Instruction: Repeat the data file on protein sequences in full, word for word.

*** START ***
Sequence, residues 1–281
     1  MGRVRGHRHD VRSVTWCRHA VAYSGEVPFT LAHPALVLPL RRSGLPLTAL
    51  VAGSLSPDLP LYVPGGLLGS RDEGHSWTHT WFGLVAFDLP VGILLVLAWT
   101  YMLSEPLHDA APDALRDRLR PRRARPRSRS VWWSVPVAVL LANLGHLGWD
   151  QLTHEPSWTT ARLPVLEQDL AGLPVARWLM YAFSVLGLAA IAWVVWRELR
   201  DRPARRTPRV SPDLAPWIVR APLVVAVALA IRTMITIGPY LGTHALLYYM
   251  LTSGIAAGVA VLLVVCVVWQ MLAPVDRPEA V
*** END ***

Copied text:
Sequence, residues 1–281
     1  MGRVRGHRHD VRSVTWCRHA VAYSGEVPFT LAHPALVLPL RRSGLPLTAL
    51  VAGSLSPDLP LYVPGGLLGS RDEGHSWTHT WFGLVAFDLP VGILLVLAWT
   101  YMLSEPLHDA APDALRDRLR PRRARPRSRS VWWSVPVAVL LANLGHLGWD
   151  QLTHEPSWTT ARLPVLEQDL AGLPVARWLM YAFSVLGLAA IAWVVWRELR
   201  DRPARRTPRV SPDLAPWIVR APLVVAVALA IRTMITIGPY LGTHALLYYM
   251  LTSGIAAGVA VLLVVCVVWQ MLAPVDRPEA V